Conscious Motivation

The Art Of Listening

Conscious Motivation
The Art Of Listening
 
When people talk, listen completely. Most people never listen.
— Ernest Hemingway
 

Listening is an art.  It requires us to be fully present in our conversations with others.

Every person who crosses our path is both a teacher and a student.   Their life, like our own, is an accumulation of painful and pleasant lessons. When we practice the art of listening, we can learn from one another’s lives. And, we can help one another overcome suffering.  


Listening For Growth

Listening is important for growth. By practicing it, we can learn from other people’s experiences, build upon their successes, and avoid their mistakes. 

My dedication to listening and learning has played out significantly in my relationship with my mentors. I learned and grew tremendous amounts by listening to them. Their advice about where to focus my time and energy, and mistakes to avoid enabled me to quickly overcome the challenges that often delayed the growth and progress of my peers.

Listening is a critical component of communication. In order to be an effective communicator, we must be as good at listening as we are at speaking. The more we listen, the more likely we are to be listened to.  This is because when the other person feels fully heard, and thereby respected, they are more likely to reciprocate.

Listening can also mend broken relationships. Arguments with our family, colleagues and friends are most frequently the result of miscommunication. If we can learn to listen to others, we can identify what we may be doing that is causing the other person suffering and/or help them correct their wrong perceptions about us. 


Listening As A Service

True happiness comes from what we give and not what we receive. As such, the art of listening is most powerful when it is practiced without desire for personal gain.  Listening is an act of service.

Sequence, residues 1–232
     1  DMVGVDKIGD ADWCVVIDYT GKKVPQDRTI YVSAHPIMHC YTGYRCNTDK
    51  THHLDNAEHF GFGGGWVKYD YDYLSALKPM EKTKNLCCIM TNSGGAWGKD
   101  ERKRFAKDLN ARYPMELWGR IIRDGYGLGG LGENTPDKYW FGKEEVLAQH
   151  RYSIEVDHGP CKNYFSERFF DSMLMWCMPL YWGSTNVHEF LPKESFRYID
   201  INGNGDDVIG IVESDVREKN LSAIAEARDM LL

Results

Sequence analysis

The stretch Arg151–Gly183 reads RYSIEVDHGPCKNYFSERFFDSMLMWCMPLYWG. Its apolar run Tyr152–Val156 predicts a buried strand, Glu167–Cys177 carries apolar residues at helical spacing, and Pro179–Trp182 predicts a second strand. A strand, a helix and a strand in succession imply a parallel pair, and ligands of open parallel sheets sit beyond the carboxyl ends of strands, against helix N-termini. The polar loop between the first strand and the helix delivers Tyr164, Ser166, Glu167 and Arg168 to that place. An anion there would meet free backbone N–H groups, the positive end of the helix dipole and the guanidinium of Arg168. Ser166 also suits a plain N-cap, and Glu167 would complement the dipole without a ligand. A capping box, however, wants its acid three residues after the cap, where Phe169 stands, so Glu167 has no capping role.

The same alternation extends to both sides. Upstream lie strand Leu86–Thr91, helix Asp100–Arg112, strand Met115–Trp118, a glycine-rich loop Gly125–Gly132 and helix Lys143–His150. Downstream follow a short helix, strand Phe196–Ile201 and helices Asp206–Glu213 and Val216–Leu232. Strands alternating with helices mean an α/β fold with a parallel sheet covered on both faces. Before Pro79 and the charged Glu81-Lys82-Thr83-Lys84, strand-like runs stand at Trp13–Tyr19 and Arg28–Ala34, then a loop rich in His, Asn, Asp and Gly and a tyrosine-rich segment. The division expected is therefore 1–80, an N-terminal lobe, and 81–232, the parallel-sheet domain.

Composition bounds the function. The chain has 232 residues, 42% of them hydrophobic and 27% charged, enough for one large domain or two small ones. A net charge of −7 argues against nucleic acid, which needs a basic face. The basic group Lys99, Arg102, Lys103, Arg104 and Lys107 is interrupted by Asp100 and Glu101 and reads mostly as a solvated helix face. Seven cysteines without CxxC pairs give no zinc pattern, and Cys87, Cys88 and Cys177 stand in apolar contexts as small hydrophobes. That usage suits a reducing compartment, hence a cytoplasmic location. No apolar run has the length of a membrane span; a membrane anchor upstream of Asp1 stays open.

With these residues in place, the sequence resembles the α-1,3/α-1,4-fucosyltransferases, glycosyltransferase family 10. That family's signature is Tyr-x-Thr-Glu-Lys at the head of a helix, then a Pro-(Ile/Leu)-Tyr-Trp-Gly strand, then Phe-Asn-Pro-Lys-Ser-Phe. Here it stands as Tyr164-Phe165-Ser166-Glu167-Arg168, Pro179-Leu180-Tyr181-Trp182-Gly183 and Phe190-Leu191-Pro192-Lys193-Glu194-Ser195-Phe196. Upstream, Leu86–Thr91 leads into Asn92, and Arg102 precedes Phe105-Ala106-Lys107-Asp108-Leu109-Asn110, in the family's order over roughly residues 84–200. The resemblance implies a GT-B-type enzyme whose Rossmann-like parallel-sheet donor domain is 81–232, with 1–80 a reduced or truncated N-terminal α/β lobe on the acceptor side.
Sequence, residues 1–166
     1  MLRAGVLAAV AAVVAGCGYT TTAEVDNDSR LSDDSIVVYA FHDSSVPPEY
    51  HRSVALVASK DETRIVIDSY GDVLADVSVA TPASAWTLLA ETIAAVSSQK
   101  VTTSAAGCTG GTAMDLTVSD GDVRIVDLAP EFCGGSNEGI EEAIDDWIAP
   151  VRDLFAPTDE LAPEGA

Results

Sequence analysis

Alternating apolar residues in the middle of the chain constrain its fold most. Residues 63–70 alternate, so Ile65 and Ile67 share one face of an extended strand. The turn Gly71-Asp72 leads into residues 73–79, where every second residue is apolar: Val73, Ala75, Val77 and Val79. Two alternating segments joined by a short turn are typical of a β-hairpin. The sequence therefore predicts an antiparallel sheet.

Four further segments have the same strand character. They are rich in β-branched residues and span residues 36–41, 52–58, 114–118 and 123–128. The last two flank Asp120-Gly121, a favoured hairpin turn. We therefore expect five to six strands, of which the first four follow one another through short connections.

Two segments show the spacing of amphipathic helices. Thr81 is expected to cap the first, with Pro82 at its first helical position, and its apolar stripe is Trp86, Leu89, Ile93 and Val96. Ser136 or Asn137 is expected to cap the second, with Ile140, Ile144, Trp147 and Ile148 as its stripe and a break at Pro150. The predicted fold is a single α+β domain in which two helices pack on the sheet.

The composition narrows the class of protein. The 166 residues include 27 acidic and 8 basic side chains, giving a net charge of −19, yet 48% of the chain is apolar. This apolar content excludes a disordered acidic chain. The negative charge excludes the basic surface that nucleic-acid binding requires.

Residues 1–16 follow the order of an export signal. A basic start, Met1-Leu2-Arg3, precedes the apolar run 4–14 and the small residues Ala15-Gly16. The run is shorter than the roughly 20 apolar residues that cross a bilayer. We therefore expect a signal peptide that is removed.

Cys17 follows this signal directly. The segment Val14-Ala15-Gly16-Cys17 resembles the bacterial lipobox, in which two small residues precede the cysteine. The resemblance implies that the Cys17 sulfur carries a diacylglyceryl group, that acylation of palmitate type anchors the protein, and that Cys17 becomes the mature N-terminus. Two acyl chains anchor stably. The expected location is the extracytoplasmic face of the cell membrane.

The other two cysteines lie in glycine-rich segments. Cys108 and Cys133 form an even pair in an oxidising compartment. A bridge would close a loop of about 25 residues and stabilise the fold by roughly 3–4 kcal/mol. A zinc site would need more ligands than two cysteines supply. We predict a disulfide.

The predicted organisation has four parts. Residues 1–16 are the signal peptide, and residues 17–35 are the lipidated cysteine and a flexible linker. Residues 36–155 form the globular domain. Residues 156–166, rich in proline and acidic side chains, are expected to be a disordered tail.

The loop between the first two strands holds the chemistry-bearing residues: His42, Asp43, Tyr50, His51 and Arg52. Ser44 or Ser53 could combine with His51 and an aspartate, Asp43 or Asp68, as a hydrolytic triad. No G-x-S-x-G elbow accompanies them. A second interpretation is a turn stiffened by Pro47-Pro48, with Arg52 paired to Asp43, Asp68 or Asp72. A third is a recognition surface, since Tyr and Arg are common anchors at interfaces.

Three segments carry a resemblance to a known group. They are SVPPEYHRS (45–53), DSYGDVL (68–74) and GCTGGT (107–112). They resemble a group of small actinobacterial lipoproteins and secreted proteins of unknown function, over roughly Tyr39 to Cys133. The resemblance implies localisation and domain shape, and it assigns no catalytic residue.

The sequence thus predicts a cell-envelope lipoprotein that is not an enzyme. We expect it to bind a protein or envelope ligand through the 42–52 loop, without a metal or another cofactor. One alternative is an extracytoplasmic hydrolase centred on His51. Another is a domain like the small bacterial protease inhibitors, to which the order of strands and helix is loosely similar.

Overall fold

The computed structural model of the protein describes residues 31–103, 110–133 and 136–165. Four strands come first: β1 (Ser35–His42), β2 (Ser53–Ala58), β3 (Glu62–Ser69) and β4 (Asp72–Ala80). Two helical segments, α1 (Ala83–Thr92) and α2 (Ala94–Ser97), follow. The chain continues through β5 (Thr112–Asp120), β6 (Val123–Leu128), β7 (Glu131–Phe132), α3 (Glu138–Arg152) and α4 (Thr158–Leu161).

This is a challenge for some of us because our society has told us it is most important to focus on ourselves. As such, instead of listening authentically to the person with whom we are communicating, we begin crafting our response while the other person is still speaking or become lost in our own thoughts. This may be because we feel like we already know what the other person is going to share, or because we feel what we have to say is more clever or important, or because we are simply too distracted with our own projects and goals to focus.

When we are not listening, the person with whom we are communicating instinctually knows that they do not have our attention. For this reason, many people never share their deepest challenges, fears, and lessons with us. This is a missed opportunity to learn from and serve one another.


Practicing the Art of Listening

The art of listening is crucial for all of us, whether we are a student, employee, parent, partner, friend, or family member.

Here are four methods through which you can practice becoming a better listener:

  • Practice Mindfulness:  We can improve our focus by reducing the noise (excessive thoughts) in our heads. We can practice this through mindfulness exercises such as  meditation.
     
  • Keep Eye Contact: We must not let our attention drift to our phone, tablet, or surroundings during the conversation.  A great listener gives the speaker their undivided attention, even if it is over the phone.
     
  • Do Not Interrupt: We must resist the urge to interrupt the speaker by asking a question or sharing a similar experience. Though this can be difficult at first, it 1) ensures the speaker is able to fully communicate their message and 2) ensures that we do not miss an opportunity to learn from their lesson.
     
  • Ask Follow-Up Questions:  We can ensure we understand the speaker’s message by asking follow-up questions.  This shows the speaker that we are interested in listening more than in a rush to make our own points.

By mastering the art of listening, we will never miss an opportunity to grow and serve through our conversations.